In the aftermath, the commission found that police failed to log photos of the crime scene and said that internal affairs investigators were kept at bay.

Two years ago, the Police Department moved to stop releasing the names of officers involved in shootings, reasoning that cases were vigorously investigated internally by homicide detectives and internal affairs, each with different objectives.

But the report found that in practice, the internal affairs unit defers to homicide detectives and waits until the criminal case is resolved — which can take months and in some cases more than a year, “delay[ing] the Department’s ability to determine what policies were violated or how it might improve its practices,” the commission wrote.

They recommend that criminal and internal investigations occur simultaneously, and said the department should activate its dormant Lethal Force Review Board to conduct reviews of police-involved shootings for training purposes.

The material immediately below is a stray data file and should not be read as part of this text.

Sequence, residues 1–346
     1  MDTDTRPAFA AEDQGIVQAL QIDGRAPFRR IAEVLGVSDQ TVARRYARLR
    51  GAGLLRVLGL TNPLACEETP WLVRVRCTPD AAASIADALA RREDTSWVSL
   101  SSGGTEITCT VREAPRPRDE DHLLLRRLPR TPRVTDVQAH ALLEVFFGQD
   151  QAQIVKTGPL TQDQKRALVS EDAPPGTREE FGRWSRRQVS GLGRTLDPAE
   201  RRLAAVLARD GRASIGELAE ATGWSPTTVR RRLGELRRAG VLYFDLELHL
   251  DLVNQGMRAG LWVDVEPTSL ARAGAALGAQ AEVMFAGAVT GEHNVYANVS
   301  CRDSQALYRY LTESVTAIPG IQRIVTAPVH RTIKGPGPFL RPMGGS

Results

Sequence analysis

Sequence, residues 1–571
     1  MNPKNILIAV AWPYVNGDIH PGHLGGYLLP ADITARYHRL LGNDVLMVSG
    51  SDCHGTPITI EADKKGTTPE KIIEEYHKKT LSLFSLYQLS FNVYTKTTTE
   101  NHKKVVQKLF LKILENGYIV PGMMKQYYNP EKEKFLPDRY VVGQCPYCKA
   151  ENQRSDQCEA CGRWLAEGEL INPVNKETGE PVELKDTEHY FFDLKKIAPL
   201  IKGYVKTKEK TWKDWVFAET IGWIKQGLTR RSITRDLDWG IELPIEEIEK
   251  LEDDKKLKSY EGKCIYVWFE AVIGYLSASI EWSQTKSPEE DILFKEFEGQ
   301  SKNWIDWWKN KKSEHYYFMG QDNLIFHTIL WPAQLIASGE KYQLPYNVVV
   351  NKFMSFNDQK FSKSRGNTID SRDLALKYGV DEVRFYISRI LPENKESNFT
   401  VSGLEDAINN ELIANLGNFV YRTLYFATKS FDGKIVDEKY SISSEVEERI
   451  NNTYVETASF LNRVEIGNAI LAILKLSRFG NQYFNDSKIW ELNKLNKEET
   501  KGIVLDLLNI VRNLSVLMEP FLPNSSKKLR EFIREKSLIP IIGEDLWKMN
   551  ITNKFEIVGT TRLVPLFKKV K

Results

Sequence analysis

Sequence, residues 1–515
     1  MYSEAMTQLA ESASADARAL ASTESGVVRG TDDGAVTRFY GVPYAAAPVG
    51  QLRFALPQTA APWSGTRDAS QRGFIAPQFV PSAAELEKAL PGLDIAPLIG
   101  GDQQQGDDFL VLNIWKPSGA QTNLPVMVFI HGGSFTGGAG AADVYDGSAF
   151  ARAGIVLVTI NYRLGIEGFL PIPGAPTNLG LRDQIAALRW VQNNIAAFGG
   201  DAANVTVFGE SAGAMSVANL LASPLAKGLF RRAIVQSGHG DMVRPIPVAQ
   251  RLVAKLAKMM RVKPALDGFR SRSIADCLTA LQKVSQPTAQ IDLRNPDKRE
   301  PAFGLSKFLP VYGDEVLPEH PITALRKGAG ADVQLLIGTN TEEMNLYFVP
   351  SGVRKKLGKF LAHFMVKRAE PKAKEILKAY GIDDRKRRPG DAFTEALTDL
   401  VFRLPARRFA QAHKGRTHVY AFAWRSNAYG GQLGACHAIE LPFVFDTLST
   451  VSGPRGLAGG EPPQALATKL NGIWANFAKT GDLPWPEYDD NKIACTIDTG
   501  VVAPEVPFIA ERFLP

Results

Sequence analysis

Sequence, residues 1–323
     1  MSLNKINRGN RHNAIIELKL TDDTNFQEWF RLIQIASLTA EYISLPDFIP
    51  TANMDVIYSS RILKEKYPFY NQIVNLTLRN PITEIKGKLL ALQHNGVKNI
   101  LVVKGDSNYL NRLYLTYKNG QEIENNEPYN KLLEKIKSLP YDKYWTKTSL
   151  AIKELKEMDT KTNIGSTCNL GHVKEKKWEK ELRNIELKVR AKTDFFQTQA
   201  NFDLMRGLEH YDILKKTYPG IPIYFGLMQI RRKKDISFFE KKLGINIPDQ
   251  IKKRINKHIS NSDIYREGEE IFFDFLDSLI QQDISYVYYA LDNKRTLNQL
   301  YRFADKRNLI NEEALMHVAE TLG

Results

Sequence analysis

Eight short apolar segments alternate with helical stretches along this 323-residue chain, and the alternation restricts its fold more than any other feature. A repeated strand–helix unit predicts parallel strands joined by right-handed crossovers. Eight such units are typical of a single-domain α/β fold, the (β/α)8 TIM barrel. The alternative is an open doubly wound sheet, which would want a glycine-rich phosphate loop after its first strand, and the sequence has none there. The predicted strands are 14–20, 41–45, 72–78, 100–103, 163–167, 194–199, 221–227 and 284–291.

Bealefeld said he has instructed Deputy Commissioner John Skinner to implement the panel’s recommendations.

Panel’s findings

Key recommendations from the Select Lounge panel:

•Implement a permitting program for club promoters

•Weigh the need for and use of plainclothes police officers

•Place stronger emphasis on tactics that minimize need for deadly force

•Establish regular and proactive reviews of police shootings

•Develop plan for incident response in club/bar situations

•Write policy dictating that officers not take action in crowds without backup

Source: Independent Review Board

Copyright © 2011, The Baltimore Sun